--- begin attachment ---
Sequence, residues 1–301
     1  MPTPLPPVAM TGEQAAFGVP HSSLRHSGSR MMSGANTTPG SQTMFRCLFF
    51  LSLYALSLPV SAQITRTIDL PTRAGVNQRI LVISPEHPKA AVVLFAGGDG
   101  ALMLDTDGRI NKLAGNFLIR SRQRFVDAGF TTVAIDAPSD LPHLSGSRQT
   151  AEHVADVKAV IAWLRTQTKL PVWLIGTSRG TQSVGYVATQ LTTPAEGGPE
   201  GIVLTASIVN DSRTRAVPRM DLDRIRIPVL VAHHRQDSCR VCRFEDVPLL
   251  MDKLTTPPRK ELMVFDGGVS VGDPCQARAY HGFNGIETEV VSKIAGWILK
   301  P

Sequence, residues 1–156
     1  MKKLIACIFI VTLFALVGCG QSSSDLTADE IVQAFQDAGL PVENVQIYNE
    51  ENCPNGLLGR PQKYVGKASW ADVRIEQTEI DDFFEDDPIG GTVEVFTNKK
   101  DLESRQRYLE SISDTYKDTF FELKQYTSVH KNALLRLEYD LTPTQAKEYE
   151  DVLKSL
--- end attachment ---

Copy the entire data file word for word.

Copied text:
Sequence, residues 1–301
     1  MPTPLPPVAM TGEQAAFGVP HSSLRHSGSR MMSGANTTPG SQTMFRCLFF
    51  LSLYALSLPV SAQITRTIDL PTRAGVNQRI LVISPEHPKA AVVLFAGGDG
   101  ALMLDTDGRI NKLAGNFLIR SRQRFVDAGF TTVAIDAPSD LPHLSGSRQT
   151  AEHVADVKAV IAWLRTQTKL PVWLIGTSRG TQSVGYVATQ LTTPAEGGPE
   201  GIVLTASIVN DSRTRAVPRM DLDRIRIPVL VAHHRQDSCR VCRFEDVPLL
   251  MDKLTTPPRK ELMVFDGGVS VGDPCQARAY HGFNGIETEV VSKIAGWILK
   301  P

Sequence, residues 1–156
     1  MKKLIACIFI VTLFALVGCG QSSSDLTADE IVQAFQDAGL PVENVQIYNE
    51  ENCPNGLLGR PQKYVGKASW ADVRIEQTEI DDFFEDDPIG GTVEVFTNKK
   101  DLESRQRYLE SISDTYKDTF FELKQYTSVH KNALLRLEYD LTPTQAKEYE
   151  DVLKSL